More informationPhysics 11 Unit III Practice Test Projectile Motion. Instructions: Pick the best answer available in Part A and Show all your work for Part B
Physics 11 Unit III Practice Test Projectile Motion Instructions: Pick the best answer available in Part A and Show all your work for Part B 1. Which of the following is constant for all projectiles? A.
More informationChapter 6. You lift a 10 N physics book up in the air a distance of 1 meter at a constant velocity of 0.5 m/s. The work done by gravity is
I lift a barbell with a mass of 50 kg up a distance of 0.70 m. Then I let the barbell come back down to where I started. How much net work did I do on the barbell? A)  340 J B) 0 J C) + 35 J D) + 340
More informationLos Altos High School Physics Two Dimensional Kinematics Workbook Problems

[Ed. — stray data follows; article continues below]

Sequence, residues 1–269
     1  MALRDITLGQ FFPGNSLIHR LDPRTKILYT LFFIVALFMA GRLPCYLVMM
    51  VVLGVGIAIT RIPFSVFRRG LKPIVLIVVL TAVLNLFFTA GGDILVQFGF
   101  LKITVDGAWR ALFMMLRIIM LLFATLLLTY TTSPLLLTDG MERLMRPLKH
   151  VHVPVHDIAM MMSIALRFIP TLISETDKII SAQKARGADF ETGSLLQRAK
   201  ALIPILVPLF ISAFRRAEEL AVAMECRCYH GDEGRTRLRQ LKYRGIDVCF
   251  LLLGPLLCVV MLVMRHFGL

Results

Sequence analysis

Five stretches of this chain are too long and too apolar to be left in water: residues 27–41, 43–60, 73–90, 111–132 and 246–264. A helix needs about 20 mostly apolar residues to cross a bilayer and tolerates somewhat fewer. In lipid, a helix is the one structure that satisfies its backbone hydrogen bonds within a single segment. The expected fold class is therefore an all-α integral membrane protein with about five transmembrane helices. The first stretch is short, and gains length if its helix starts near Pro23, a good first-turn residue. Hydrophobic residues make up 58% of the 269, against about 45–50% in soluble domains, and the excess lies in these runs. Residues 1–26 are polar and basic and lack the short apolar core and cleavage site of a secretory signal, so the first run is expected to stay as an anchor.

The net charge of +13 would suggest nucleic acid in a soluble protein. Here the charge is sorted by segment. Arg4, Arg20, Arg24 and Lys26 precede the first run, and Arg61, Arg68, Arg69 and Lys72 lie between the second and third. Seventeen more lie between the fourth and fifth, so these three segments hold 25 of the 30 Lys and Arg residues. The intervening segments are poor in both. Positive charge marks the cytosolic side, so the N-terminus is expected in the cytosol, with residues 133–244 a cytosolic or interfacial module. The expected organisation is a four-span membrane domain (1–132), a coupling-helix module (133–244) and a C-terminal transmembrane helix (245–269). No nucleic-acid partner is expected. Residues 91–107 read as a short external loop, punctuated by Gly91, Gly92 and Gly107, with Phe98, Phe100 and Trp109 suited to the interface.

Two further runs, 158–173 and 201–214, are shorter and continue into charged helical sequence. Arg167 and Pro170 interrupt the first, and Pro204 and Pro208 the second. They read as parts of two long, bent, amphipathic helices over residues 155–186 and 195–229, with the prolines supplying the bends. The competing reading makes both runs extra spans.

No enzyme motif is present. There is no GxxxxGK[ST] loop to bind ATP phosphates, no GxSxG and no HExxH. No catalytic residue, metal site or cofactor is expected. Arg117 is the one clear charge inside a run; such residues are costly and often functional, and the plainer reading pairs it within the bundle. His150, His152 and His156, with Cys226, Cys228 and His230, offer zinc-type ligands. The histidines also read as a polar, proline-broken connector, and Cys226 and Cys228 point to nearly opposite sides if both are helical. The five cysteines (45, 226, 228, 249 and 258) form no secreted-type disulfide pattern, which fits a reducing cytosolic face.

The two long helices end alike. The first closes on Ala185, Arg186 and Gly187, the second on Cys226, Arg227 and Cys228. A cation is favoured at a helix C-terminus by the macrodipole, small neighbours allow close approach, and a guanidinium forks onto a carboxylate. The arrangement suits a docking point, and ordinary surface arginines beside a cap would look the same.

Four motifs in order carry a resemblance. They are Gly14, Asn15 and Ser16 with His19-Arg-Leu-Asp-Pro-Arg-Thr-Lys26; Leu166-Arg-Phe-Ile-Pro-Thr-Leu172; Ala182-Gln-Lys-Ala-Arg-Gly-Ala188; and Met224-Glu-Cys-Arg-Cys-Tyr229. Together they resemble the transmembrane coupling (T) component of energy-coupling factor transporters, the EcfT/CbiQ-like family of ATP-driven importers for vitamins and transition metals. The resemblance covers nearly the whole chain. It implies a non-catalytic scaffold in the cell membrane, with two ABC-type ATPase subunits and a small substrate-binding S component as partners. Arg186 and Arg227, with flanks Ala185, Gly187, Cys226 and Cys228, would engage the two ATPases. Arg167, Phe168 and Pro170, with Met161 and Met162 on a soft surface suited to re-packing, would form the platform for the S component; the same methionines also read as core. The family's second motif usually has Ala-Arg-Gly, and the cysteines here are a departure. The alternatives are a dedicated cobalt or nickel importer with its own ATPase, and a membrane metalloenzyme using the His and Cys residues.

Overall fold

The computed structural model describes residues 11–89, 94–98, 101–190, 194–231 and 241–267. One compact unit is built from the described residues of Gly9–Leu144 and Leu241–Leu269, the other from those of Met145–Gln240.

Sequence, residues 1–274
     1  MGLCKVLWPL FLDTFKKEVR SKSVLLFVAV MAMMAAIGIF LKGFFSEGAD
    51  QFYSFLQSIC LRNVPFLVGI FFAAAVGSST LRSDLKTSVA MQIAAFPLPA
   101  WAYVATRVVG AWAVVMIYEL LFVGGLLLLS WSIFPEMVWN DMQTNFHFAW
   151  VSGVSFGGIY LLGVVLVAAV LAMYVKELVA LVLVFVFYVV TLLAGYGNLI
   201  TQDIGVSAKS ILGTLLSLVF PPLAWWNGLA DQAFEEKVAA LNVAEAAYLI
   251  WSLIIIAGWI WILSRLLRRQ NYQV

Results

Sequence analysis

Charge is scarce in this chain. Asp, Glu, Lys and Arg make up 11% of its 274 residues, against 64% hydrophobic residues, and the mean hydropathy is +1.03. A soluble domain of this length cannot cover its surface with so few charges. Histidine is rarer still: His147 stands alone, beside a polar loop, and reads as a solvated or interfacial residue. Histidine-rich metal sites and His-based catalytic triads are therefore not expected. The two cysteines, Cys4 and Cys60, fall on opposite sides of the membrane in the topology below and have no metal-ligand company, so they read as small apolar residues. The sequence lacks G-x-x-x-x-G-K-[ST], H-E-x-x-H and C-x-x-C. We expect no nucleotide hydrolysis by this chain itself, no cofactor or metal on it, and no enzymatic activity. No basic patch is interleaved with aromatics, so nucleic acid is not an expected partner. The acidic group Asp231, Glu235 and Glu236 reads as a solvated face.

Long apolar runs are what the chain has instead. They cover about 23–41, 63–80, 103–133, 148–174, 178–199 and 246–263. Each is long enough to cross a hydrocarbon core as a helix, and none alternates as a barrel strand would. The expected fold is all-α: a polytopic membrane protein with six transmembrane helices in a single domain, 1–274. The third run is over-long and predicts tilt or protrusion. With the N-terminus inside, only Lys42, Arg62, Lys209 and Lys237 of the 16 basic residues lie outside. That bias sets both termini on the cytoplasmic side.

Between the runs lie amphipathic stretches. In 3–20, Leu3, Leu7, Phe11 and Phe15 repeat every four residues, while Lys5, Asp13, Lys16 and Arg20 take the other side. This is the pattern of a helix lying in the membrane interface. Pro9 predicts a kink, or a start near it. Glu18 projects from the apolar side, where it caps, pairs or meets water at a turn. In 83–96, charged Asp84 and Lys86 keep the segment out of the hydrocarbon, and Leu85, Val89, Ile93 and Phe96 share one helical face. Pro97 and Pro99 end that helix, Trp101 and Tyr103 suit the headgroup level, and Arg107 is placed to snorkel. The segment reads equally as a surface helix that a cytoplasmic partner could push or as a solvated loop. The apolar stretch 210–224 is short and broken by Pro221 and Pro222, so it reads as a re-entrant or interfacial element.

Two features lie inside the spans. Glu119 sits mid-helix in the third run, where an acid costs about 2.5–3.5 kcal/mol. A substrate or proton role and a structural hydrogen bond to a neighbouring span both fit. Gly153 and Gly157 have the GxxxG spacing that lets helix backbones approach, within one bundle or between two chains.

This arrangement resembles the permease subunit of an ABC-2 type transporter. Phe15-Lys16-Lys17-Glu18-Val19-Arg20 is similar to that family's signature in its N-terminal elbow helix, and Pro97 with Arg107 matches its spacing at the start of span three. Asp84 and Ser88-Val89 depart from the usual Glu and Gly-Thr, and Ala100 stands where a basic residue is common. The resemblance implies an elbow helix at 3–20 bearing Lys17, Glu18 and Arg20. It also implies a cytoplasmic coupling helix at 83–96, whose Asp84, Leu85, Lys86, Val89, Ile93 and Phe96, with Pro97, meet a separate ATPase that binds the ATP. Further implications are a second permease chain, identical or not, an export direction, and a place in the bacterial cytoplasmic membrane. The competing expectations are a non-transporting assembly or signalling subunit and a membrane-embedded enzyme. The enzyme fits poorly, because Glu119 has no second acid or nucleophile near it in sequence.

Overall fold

1. Consider a United States Coast Guard plane flying a rescue mission 300 Km West of the Faraloon Islands. The mission requires the plane's crew to deliver a 50 kg package of emergency supplies to the
More informationMidterm Exam: Making a Study Guide
Name: Class: Physics Teacher: Mr. Szopiak Date: Midterm Exam: Making a Study Guide This worksheet will help you and your classmates put together a pretty comprehensive guide to your midterm studying. Your
More informationExercise on Projectile Motion (UnitIII)
Engineering Mechanics Exercise on Projectile Motion (UnitIII) 1 A projectile is fired with velocity 620 m/s at an angle of 40 with horizontal ground. Find the range, time of flight, maximum height attained
More informationTwo dimensional kinematics. Projectile Motion
Two dimensional kinematics Projectile Motion 1. You throw a ball straight upwards with a velocity of 40m/s. How long before it returns to your hand? A. 2s B. 4s C. 6s D. 8s E. 10s 1.You throw a ball straight
More informationtime v (vertical) time